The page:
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Remember the “Baby Swimming and Surviving” video floating around Facebook or YouTube in years past?  It shows a toddler in a blue fuzzy sleeper falling into an in-ground swimming pool at home and then he simply kicks to reach the surface and rolls safely on to his back.  Brace yourselves, it’s pool season again, and we wouldn’t be doing our job if we didn’t talk about pool safety.

It’s a Really Big Deal

We sell insurance to protect you against disastrous situations. We know certain topics are unpleasant to talk about, but drowning is a really big deal and we want you to be educated.  Thousands of people drown each year, and according to the CDC (Centers for Disease Control), drowning remains the fifth leading cause of non-accidental deaths in the United States.  The CDC also states that one in five drowning deaths are children 14 years old or younger, and many more children will receive emergency treatment for non-fatal submersion injuries.  These “non-fatal injuries” can be severe and even cause brain damage that can result in long-term complications, or even cause the loss of basic functioning.

What does that have to do with my insurance?

If you have children, you’ll want this information for their safety; if you own your home, you will want this information for your safety.  Your homeowner’s policy includes liability coverage for bodily injury and property damage in which you are legally responsible for, and swimming pools injuries are certainly something you would be held liable for.  Liability is liability – we’re not just talking about the folks with beautiful in-ground pools in their back yards, we’re also talking about folks with the 3’-4’ pools that may only be up during summer months.

Swimming pools are considered an “attractive nuisance” in the insurance industry.  “What the heck does that mean?” you may be asking.  An attractive nuisance is basically an item on your property that is likely to attract children and could cause injury and in most instances the property owner may be held liable for these items.  Some other common examples are trampolines, old cars, old appliances, sand piles, etc…

Many things that fall under the attractive nuisance category can easily be removed from the premises; thereby removing the exposure from risk.  While an above ground pool may be somewhat easily removed when drained, an in-ground pool certainly is not, and most people that purchase pools – or homes with pools – are interested in using them.  Once you notify your insurance agent you have a pool (yes, you are supposed to do that), the first question you will be asked is if you have a fence.  The next question will be, “How high?”  In order to avoid accidents and tragic injuries, most insurance companies require at least 4’ of fencing around the yard containing the pool, or the pool itself.  Some companies will also require a locking mechanism be present on the gate, or that in-ground pools have a lockable safety cover when the pool is not in use.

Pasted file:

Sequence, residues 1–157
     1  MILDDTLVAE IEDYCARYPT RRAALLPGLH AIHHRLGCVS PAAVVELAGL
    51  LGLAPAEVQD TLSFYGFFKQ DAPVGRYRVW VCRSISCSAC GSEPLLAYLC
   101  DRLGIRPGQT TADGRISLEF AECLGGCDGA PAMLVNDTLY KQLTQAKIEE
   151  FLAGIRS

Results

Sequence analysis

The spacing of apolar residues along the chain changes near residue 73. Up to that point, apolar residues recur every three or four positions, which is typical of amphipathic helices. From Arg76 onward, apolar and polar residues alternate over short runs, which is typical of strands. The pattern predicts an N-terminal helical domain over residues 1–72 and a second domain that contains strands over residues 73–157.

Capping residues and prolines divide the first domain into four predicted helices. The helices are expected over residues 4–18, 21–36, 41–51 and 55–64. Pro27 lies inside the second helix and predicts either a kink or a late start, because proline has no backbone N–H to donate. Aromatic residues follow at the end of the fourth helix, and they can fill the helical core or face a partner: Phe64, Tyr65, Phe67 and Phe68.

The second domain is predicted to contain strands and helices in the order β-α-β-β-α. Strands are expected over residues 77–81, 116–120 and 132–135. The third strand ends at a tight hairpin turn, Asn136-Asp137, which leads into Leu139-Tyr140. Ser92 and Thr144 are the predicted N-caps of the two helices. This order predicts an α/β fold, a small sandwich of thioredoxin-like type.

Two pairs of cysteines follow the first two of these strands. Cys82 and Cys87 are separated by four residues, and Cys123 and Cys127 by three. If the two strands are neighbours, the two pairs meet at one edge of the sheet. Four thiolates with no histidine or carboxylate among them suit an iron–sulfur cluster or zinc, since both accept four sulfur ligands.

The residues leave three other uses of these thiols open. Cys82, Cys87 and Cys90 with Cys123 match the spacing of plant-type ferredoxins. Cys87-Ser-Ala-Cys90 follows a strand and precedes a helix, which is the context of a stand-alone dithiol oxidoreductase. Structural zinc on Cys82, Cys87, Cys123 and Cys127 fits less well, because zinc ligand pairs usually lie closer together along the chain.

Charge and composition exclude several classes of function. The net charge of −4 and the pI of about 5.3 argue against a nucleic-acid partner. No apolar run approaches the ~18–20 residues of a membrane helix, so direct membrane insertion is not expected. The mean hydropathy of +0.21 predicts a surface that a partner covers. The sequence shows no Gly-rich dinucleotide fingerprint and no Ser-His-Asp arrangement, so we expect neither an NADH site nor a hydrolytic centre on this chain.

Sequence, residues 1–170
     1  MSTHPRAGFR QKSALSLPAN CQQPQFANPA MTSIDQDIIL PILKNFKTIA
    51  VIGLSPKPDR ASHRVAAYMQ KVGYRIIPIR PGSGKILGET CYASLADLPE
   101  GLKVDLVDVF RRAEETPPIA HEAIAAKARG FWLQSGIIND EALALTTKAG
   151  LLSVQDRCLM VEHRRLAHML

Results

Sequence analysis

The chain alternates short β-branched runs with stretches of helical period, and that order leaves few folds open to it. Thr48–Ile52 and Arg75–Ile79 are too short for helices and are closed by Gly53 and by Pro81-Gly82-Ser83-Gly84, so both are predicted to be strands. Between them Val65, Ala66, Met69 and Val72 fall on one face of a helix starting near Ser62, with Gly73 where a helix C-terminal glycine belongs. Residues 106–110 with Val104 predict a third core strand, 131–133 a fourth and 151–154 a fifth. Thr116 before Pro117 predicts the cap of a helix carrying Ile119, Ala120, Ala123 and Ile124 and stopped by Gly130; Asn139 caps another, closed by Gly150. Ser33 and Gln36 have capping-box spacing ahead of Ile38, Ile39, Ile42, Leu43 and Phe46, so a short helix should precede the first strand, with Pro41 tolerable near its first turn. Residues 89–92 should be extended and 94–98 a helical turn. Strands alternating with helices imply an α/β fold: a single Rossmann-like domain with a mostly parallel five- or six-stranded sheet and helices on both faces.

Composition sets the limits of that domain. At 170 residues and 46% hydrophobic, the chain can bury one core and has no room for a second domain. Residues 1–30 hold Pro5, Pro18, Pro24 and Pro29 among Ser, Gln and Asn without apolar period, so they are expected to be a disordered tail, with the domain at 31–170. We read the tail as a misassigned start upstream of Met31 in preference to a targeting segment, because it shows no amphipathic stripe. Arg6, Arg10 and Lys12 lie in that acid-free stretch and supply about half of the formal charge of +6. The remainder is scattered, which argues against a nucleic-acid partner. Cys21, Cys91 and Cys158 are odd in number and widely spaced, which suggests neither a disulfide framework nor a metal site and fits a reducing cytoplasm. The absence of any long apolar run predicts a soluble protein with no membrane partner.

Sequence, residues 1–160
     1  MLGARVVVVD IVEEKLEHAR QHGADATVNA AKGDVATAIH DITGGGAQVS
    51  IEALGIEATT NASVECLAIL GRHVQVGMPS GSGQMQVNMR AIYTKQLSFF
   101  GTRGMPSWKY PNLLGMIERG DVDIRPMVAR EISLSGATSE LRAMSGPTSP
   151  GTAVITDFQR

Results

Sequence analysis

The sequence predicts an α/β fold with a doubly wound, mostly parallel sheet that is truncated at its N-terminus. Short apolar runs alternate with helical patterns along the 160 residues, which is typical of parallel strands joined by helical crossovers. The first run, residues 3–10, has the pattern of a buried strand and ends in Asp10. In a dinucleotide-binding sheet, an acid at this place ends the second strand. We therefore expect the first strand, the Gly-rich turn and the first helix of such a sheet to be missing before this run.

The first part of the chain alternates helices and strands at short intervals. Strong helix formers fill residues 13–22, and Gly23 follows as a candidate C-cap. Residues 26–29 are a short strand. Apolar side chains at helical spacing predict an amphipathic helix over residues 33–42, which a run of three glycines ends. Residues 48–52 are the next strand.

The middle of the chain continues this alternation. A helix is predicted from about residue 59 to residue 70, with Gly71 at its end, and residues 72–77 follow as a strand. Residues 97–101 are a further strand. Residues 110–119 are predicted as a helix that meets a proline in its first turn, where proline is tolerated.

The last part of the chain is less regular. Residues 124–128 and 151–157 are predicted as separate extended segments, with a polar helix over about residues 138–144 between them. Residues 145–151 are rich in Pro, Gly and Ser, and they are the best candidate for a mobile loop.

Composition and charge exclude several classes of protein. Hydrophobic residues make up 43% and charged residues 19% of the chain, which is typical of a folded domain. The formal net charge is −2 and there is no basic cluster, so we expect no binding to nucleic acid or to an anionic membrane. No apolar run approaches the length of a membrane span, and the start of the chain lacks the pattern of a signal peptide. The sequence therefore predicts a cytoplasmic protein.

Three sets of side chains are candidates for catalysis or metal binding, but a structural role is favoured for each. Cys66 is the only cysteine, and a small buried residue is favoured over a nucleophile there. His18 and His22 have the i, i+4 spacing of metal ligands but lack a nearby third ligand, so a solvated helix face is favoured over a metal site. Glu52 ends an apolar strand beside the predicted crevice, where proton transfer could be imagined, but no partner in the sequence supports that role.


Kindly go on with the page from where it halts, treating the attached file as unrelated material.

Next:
I have a pool, what should I do?                                                 

In order to protect yourself from liability situations arising out of the ownership of a swimming pool, the following safety precautions are recommended by multiple sources:

  • Adult supervision is required at ALL times for ALL pools
  • Commit to being a “Water Watcher” and trade off with other adults after specified amounts of time. You can download more information here
  • Swimming lessons/water safety classes
  • CPR Certification
  • 4’ fence with self-closing/latching mechanism and/or lock
  • Keep your pool clean and clear
  • Install alarms – gate alarms, surface/wave/underwater alarms
  • Do not allow any running near the pool area
  • Avoid the use of diving boards and slides (many insurance companies will prohibit the use of these items)
  • Never allow children to swim without an adult or experienced swimmer
  • Use anti-entrapment drain covers
  • Never allow children to play near drains or suction outlets
  • Always keep a phone nearby when the pool is in use
  • Have in-ground pools inspected annually by a trained and qualified inspector
  • Communicate your pool use expectations and rules to friends and neighbors
  • You can also visit www.poolsafely.gov to download apps, songs, videos, video games, posters to color, etc…

When the Pool is Not in Use

  • Remove ladders or steps, toys, and any nearby electronics from the pool area
  • Use a pool safety cover (preferably locking)

Please Be Safe

With pool season in full swing, we will probably see the “Baby Swimming and Surviving” video go viral again this summer.   While that video may seem a little extreme, the message of pool safety and ensuring children are unharmed, is not.  Whether you own a wading pool, a larger above ground pool, an in-ground pool, or just have children who love to swim, we want you to be protected.